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Exhaust vent in elevator shaft ?

opaone
January 29, 2019

My wife occasionally needs an elevator to get between floors and we've been debating electric vs hydraulic. Hydraulic is smoother and quieter and is her preference... Except for the smell.


Hydraulic elevators have a bit of hydraulic oil smell. I think this is primarily from the ram in the elevator shaft. I'm wondering if a small exhaust fan, like maybe just 100 cfm, in the elevator shaft would do much to exhaust the smell? Or maybe 200 cfm? Set to run a couple of times per hour?


Thoughts?


Thanks,

Comments (14)

  • PRO
    Jeffrey R. Grenz, General Contractor

    Talk to the elevator company. Last one I installed was firewalled, so that might mean the flue is special. No complaints about the smell, but it was new.

    Many fans can run continuously, lower CFM.

  • PRO
    RES 3d Sketches

    An exhaust fan at the top would not solve the problem but I doubt it would be a problem if you chose a modern residential system. You should speak to a good residential elevator installer.

  • opaone

    We've talked to two installers and seen their elevators. We could smell hydraulic oil both times and both said that some people can smell it and can be bothered by it.

    Why do you think an exhaust fan wouldn't work?

    Thanks,

  • PRO
    Mark Bischak, Architect

    Talk to the elevator manufacturer. Aroma therapy hydraulic oil may be a entrepreneurial opportunity.

  • cpartist

    I don't smell it in my elevator.

    opaone thanked cpartist
  • PRO
    RES 3d Sketches

    Non-residential elevator hoist ways are required to be naturally or mechanically ventilated at the top to allow smoke to escape. The duct to the outside must be noncombustible. I don't know about residential elevators.

    For an exhaust fan to reduce odors from a leaky hydraulic piston, I think it would need to exhaust air from the pit.

    Are you sure there's not an acceptable alternative to an in-ground hydraulic system for occasional use in a home?

  • mike_home

    Have you considered a stair chair lift?

  • opaone

    @cpartist, thank you for that encouragement. I hope ours is the same.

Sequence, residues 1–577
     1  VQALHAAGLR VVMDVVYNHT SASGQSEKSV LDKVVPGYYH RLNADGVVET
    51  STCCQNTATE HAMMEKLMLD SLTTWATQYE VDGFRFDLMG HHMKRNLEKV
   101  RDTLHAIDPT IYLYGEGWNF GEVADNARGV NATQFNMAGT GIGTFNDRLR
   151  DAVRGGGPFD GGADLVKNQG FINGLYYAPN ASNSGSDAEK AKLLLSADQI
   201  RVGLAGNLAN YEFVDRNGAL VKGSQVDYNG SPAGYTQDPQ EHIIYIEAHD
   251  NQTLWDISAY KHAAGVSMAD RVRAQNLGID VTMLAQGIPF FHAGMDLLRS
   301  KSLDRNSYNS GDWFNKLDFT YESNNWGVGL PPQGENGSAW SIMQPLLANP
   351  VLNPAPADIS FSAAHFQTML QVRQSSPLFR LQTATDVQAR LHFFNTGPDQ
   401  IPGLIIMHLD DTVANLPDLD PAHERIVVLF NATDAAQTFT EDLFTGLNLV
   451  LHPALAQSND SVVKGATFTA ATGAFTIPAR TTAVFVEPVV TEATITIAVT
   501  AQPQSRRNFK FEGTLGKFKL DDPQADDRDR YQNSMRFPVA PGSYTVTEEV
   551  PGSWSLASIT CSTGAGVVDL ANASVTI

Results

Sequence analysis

In residential there is normally never any oil or fluid in the pit. The piston & cylinder are along the side (https://symmetryelevators.com/how-do-residential-elevators-work/). The ram (or piston) has a very thin coating of hydraulic oil and I believe this is the source of the smell as it is a lot of surface area.


    My thought is a powered vent (likely a small inline blower) in the top of the shaft and possibly an open vent for supply air in the bottom on the same side as the hydraulic system. My hope would be that this would pull air in, across the hydraulic components, and out.




  • PRO
    RES 3d Sketches

    In-ground hydraulic elevators are installed in homes. One of the alternatives is a roped hydraulic elevator which is apparently what you are considering.

    opaone thanked RES 3d Sketches
  • opaone

    Are in-ground holed still used? Both of the companies we've looked at said that they've not seen an in-ground system in some years.

  • homepro01

    Opaone,

    Have you looked at non-vacuum based electric motor elevators? Here is one example, Stiltz Elevators, they are supposed to be much quieter than the normal electric elevators.

    Good luck!

  • Jakvis

    I think a powered vent may actually make the smell worse. It would constantly be pulling the smell through the whole shaft. The fact is the hydraulic fluid is there and would be constantly outgassing. I would seriously consider an electric motor and cable system. It's what most higher buildings use. They are quiet and when adjusted properly they are very smooth.

  • Hot Rod

    I can always smell hydraulic elevators but I have a strong nose for smells. I can tell if a house has a gas stove, and back in the day I could tell you if there was a waterbed in a house. I can also smell silk in fabrics.

  • Jim Mat

    I saw an electric elevator. From driveway to elevated wood deck. It is a beach butler residential cargo lift. A wheelchair and attendant fit inside. Wonder if there is a safety release or battery back up in case of power outage?

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